Strict measures were already in place to postpone that date. No more car washing, no more swimming pool filling, liquid soap instead of running water. Messages and billboards had been put everywhere, some awkward ("No more showering  on Saturday"), others hilarious: ("If it's brown  let it drown, if it's yellow let it mellow"!..) A pail was provided at the hotel to collect used shower water for the WC and the water shortage seemed to weigh upon the city like a fatal disease, a common unspoken secret. A limit was set to the number of drinking water bottles one could buy, and although it was often cloudy nothing but a few drops came down.
In the end it DID rain, and the date was postponed, but unless a serious desalination plan is put in place, the Western Cape is soon going to be facing even more serious problems.


You drive on the wrong, left side of the road. Rules are applied in an American way, with strict speed limits and a heavy-armed police. Drivers (black and white) are more than keen to be shitty and remind you of the slightest mistake you make by flashing their lights or honking. But the roads are good and the cars in a good condition. The real danger one is facing, with a car and in general in South Africa, is safety. Armed robbery than can easily escalate to manslaughter, simple robbery or breaking in. Don't leave anything of value in the car, not even clothes. Do not open the trunk when you arrive at your destination, if things are inside it. Do this before you arrive at your destination. Keep your windows closed if possible, and be ready to accelerate, even at a traffic light, if something seems not normal. Do not resist if something happens. In case of car trouble on a highway, stay in the car and ask for help by phone.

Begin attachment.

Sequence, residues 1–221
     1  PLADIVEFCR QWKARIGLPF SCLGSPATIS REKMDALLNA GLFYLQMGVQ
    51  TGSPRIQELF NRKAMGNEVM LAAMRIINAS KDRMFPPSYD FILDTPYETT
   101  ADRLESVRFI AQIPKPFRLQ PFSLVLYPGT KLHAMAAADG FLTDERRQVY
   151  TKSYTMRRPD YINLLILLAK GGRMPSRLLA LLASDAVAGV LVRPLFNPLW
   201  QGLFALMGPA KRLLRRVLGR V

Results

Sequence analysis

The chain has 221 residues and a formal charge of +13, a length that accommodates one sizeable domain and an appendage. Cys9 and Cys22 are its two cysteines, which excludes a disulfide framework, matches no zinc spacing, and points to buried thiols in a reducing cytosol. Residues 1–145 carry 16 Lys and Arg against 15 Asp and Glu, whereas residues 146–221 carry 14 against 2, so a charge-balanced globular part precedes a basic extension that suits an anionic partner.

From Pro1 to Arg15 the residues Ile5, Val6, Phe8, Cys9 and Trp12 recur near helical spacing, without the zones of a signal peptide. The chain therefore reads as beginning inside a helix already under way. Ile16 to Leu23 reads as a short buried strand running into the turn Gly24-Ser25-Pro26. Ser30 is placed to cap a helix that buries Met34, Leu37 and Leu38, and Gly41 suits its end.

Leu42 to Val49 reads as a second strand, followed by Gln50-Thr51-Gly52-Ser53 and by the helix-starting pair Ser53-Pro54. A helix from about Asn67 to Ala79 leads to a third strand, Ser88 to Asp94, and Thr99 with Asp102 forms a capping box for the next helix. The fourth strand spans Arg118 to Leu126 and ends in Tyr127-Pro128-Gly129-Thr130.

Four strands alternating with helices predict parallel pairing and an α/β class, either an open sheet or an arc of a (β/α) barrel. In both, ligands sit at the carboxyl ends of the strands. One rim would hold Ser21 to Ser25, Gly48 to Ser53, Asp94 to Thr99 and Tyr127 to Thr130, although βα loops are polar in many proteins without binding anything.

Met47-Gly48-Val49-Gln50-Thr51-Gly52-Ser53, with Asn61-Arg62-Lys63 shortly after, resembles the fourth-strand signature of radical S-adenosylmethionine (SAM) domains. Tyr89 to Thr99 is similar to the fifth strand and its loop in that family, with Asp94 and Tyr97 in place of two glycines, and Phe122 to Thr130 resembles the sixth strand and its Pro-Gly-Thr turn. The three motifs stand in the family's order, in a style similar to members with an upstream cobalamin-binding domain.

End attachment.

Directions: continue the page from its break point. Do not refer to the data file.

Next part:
Although we did not face direct danger, taxi drivers and police confirmed to me that crime, when it happens while you are in the car, can quickly turn violent. Stay vigilant.

You need an adapter. Good hotels provide at least some European plugs.

You can only exchange to local currency (Rand) in a bank. The currency fluctuates intensively. If possible, book ahead, check exchange rates and try to use the lower ones.